President Barack Obama celebrated the accomplishment of people who are blind and visually impaired in a presidential proclamation October 15, in commemoration of Blind Americans Equality Day.
“Generations of blind and visually impaired Americans have dedicated their passion and skills to enhancing our national life — leading as public servants, penning works of literature, lending their voice to music, and inspiring as champions of sport.,” Obama stated. “On Blind Americans Equality Day, we celebrate the achievements of blind and visually impaired Americans and reaffirm our commitment to advancing their complete social and economic integration.”
As part of his administration’s ongoing attempts to assist people with disabilities, he highlighted last year’s passage of the Twenty-First Century Communications and Video Accessibility Act, which created new technology accessibility regulations, as particularly beneficial to people who are blind or visually impaired.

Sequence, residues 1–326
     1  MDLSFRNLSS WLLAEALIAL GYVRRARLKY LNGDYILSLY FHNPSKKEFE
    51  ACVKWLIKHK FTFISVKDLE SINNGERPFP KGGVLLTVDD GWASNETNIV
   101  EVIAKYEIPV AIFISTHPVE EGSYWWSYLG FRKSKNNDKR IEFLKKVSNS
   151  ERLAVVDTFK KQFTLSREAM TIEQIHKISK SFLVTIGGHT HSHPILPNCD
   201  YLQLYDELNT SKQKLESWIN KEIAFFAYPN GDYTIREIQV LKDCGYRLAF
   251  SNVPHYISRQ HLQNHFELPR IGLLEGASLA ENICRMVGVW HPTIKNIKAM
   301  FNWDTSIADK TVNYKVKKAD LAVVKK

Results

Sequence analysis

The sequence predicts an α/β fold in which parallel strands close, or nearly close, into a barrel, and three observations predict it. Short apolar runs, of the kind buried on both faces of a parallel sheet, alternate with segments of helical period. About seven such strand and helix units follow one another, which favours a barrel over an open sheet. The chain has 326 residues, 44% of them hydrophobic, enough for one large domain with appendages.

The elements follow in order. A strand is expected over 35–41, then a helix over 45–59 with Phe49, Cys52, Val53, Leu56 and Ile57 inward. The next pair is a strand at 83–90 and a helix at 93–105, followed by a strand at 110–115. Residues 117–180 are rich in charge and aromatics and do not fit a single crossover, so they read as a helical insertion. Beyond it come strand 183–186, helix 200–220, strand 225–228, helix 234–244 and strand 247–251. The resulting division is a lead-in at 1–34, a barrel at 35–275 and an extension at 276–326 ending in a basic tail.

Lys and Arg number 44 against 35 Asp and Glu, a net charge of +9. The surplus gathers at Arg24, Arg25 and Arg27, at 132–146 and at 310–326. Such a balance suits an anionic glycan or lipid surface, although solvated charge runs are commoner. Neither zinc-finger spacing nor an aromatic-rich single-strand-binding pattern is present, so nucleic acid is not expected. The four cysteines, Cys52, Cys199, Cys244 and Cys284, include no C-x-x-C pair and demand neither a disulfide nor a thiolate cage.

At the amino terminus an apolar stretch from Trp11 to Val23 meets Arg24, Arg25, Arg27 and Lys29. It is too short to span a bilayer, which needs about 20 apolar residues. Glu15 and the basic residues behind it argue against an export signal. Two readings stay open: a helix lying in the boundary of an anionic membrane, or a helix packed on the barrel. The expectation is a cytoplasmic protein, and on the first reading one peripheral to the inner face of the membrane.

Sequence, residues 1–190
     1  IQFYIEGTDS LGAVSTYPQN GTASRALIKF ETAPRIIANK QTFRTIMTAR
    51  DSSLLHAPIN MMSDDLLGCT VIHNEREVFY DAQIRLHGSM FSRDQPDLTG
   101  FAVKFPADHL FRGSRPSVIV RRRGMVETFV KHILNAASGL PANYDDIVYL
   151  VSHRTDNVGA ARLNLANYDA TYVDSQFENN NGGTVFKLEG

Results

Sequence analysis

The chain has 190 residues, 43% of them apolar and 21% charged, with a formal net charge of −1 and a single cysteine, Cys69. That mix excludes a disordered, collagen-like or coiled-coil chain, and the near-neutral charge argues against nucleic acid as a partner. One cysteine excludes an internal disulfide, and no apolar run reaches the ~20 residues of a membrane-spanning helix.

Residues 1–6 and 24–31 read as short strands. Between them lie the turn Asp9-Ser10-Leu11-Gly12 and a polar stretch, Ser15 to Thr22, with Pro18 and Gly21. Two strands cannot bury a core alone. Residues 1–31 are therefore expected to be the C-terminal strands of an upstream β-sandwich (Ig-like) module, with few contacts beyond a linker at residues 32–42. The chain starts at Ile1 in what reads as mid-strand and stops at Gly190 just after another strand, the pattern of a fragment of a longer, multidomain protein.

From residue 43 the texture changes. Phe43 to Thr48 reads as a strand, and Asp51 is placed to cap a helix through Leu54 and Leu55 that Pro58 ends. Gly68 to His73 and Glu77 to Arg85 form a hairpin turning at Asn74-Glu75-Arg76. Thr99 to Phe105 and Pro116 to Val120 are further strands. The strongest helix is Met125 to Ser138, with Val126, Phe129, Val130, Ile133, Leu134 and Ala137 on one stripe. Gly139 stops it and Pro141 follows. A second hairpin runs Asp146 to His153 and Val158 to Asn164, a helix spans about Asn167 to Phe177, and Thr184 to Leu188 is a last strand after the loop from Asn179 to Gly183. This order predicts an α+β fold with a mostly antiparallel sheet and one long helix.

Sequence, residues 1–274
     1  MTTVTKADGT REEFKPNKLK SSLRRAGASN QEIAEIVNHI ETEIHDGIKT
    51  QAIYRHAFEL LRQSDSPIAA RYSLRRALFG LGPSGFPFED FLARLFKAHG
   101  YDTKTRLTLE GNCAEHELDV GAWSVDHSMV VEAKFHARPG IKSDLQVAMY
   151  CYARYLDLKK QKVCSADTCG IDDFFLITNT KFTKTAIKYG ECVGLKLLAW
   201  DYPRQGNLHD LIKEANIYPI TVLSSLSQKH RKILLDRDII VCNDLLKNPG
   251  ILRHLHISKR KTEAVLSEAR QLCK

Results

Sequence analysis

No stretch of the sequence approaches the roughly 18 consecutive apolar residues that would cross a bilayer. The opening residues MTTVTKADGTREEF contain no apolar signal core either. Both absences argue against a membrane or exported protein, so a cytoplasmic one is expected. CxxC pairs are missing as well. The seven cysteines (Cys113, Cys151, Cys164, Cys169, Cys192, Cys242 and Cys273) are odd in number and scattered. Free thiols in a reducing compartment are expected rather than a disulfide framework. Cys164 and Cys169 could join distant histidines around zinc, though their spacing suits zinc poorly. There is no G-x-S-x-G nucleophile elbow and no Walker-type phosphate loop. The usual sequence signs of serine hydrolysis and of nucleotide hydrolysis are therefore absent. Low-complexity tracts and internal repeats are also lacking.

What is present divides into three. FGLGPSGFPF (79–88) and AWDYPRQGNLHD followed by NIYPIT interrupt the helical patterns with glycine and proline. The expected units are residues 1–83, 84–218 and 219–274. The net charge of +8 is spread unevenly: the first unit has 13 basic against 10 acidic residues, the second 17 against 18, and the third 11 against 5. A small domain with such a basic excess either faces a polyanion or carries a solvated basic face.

He also highlighted the Pedestrian Safety Enhancement Act, signed into law January 1, which requires hybrid and electric cars manufacturers to add sounds to alert pedestrians whom are blind or visually impaired. In recent years, these vehicles have created new safety hazards for people who are deaf or visually impaired because they are particularly quiet, and therefore more likely to sneak up on individuals unable to see them approaching.
Congress created Blind Americans Equality Day, then known as White Cane Safety Day, through a joint resolution in 1964.